As I was listening to Chandler’s sermon I was reminded of the beautiful image C.S. Lewis gives of sin in his short novel, The Great Divorce. (If you haven’t read it, I highly suggest you go and do so right now — it is a quick read and you will not regret having done so.) The image he gives in the 11th chapter is of a man with a lizard sitting on his shoulder, constantly whispering to him. The man seems sort of annoyed with the lizard and apologizes for his incessant chattering, and he is about to excuse himself because of the commotion until an angel comes and asks, “Would you like me to make him quiet?”
The man responds, “Of course I would.” And so the angel tells him that he will “kill” the lizard and proceeds to do just that. But the man stops him because he’s getting hurt in the process. The angel then asks again, “Don’t you want him killed?” To which the man responds, “You didn’t say anything about killing him at first. I hardly meant to bother you with anything so drastic as that.” He later adds, “I mean, for the moment I was only thinking about silencing it because…well, it’s so damned embarrassing.”
The angel continues to ask if he may kill it, but the man squirms and says that it can be dealt with later. He even interjects at one point, saying, “Look! It’s gone to sleep of it’s own accord. I’m sure it will be alright now.” The angel again asks, “May I kill it?”
“Honestly… I’m sure I shall be able to keep it in order now,” he responds. “In fact… I’m not feeling frightfully well today. It would be silly to do it now.”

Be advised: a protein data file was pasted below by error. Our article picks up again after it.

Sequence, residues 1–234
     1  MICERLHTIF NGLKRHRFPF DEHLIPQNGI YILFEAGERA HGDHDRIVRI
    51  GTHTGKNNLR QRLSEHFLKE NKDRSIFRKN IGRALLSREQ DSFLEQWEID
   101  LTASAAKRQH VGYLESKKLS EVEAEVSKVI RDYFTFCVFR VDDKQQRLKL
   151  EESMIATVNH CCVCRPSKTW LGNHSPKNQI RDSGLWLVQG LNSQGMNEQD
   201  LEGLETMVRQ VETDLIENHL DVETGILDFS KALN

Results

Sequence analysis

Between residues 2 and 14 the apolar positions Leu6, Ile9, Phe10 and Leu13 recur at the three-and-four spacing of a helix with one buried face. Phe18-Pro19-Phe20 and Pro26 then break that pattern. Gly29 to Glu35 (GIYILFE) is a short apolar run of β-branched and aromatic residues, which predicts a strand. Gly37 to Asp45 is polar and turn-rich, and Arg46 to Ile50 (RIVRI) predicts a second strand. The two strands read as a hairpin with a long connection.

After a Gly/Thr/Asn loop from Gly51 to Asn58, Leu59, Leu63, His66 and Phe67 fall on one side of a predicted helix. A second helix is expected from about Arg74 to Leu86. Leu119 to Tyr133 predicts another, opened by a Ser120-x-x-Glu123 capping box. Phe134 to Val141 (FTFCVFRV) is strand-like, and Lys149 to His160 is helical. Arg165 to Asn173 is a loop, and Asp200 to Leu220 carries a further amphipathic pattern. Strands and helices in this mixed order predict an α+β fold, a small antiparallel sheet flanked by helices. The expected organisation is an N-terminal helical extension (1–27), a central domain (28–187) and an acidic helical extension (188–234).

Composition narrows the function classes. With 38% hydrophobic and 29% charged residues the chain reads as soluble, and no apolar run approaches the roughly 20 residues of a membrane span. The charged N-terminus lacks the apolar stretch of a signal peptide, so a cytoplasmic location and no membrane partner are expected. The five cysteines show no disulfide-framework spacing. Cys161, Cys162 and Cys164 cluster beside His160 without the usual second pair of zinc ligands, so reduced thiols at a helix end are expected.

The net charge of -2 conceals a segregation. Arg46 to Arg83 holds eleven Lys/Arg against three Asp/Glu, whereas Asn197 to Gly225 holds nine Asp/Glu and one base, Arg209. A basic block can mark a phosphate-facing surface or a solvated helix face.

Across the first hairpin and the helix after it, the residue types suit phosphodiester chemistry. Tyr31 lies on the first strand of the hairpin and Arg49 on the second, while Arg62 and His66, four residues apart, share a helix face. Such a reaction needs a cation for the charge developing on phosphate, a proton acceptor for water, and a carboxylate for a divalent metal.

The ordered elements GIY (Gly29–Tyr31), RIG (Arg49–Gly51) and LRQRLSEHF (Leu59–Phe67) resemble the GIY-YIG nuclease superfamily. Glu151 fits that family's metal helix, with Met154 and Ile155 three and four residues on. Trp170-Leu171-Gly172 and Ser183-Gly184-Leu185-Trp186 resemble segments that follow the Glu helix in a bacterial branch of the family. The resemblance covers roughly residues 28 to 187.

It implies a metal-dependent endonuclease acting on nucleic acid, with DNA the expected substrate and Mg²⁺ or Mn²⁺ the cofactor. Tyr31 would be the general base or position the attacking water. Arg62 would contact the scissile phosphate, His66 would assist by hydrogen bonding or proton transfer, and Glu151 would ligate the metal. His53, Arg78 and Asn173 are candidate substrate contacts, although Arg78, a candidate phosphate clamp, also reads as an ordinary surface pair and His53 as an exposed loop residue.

But the angel keeps pressing him, saying that there is no other time for it. And again the man stops him because it is hurting him. To which the angel replies, “I never said it wouldn’t hurt you. I said it wouldn’t kill you.” Then there is more dialogue back and forth about waiting till later. The lizard even gets into the conversation, promising that, “I’ll be so good. I admit I’ve sometimes gone too far in the past, but I promise I won’t do it again.” And so the man wavers back and forth again for a while.
Isn’t that how we deal with sin?
Sometimes as I read that chapter, it’s a little too poignant for me. It hits home. I do this too often. We do this too often! We think because sin is “asleep” that it won’t hurt us. We think that it’s something we can “keep in order” or “under control.” We just want it fenced in or “quiet” because, “well, it’s so damned embarrassing.” And we buy into the lie that it won’t be as bad the next time, or it won’t really happen again once we’ve got it under control.
But it’s a lie! It needs to be killed! It won’t be tamed! It won’t be controlled! Sin is a roaring lion that will kill us. It is a wild beast that will not be mastered, but must be put to death. We cannot keep living as if we can make it our pet simply to avoid the embarrassment of it. And though it may be painful, brutally so, we must mortify it daily! Are we willing to be so “violent” (as Chandler puts it) with sin? Or are we willing to simply try and manage our behavior — to keep things under wraps, as it were? Are we content to simply make sure the lion just doesn’t get out of our fence and cause problems too much? Or are we willing to take sin seriously? To deal with sin seriously. To put it to death. Daily. Whatever the cost. Are we willing to do that?
I certainly hope so…
In the end, the man lets the angel kill the lizard, even though it is very painful for him. And to his surprise, the lizard becomes a beautiful stallion that he is then able to ride upon. (That is a beautiful picture, that perhaps is for another post…) Oh that we would all be willing to do the same, to put our sin to death so that we might understand the beauty of Lewis’ image, or more importantly, the beauty of being dead to sin and raised with Christ…